By: Rebeka Singer
At only five or six years old, my mother would send me to talk to my father whenever there was a tearful, desperate argument between them. He never lost his temper with me.
It was always night. My mother would be crying in the bedroom. “You can’t blame others for your life. That’s what your father does.” She swept my hair across my forehead. “You see things clearly, Lucy. You have a gift.”
She would drape her body over the second-floor banister as I tiptoed downstairs. The scent of tobacco warmed my lungs even before I entered the TV room. The smoke dried my eyes.
I would stand in the doorway facing the ripped leather couch lined with stale cushions. He was always watching Westerns, holding his wooden pipe. I loved cowboy movies then because of those times I spent with him. Sometimes he would hand me his pipe to puff for play. Then I would say, “Mom’s hurt. It’s not your fault. Can you help though? Make it better.” He would pull me close to him so that my cheek touched his bristly cheek, so that my skin tingled and stung, and he hugged me, so that I loved him.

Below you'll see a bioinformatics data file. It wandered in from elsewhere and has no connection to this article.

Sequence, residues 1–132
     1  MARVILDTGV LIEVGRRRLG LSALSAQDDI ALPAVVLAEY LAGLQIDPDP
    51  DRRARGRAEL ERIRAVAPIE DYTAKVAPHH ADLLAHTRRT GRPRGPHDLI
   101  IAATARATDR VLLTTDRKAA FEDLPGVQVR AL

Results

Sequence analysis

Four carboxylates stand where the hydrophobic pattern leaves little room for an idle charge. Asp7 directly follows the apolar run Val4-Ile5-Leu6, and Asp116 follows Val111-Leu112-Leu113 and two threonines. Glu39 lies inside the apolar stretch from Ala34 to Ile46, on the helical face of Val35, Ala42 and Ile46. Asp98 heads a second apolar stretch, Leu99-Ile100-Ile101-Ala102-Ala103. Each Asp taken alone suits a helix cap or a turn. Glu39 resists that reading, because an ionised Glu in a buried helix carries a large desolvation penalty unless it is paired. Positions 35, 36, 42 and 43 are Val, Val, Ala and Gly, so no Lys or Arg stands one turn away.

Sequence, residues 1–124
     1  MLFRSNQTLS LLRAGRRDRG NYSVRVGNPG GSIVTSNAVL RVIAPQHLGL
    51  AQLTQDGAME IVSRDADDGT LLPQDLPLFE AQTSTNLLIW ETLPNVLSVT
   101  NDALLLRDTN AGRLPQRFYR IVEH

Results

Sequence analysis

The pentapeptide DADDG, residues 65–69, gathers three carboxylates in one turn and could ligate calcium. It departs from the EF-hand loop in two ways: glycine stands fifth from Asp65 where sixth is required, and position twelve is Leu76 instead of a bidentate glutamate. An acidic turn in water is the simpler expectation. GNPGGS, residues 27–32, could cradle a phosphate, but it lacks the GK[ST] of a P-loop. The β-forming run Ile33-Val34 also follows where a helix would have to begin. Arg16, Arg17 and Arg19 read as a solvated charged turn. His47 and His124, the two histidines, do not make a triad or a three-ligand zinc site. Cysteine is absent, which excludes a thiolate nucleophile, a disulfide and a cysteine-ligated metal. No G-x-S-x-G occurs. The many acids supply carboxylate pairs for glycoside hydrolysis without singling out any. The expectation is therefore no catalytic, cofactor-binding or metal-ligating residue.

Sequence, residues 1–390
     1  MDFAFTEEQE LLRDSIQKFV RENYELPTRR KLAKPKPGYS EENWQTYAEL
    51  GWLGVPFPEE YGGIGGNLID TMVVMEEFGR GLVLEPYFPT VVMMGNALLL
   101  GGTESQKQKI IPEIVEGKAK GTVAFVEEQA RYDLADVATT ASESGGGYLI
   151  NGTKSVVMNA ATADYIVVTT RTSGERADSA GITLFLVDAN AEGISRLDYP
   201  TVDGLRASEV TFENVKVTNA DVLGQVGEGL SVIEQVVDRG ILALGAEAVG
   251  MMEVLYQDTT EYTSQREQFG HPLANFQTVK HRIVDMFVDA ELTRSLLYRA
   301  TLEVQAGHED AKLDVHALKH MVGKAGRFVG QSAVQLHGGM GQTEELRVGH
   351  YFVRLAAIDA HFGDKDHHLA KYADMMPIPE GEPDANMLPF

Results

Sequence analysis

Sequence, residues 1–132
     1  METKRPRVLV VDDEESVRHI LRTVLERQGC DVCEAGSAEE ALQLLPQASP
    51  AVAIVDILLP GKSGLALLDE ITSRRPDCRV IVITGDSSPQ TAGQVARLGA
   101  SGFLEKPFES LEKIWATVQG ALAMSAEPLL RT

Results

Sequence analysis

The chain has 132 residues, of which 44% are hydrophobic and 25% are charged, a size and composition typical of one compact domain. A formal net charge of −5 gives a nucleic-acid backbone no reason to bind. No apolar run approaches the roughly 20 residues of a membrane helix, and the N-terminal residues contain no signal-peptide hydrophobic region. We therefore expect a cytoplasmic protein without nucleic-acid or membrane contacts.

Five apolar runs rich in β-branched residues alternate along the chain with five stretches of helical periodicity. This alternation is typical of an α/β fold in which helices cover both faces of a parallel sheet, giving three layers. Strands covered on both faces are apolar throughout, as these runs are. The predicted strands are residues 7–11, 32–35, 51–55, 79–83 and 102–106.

Originally published on Dogzplot.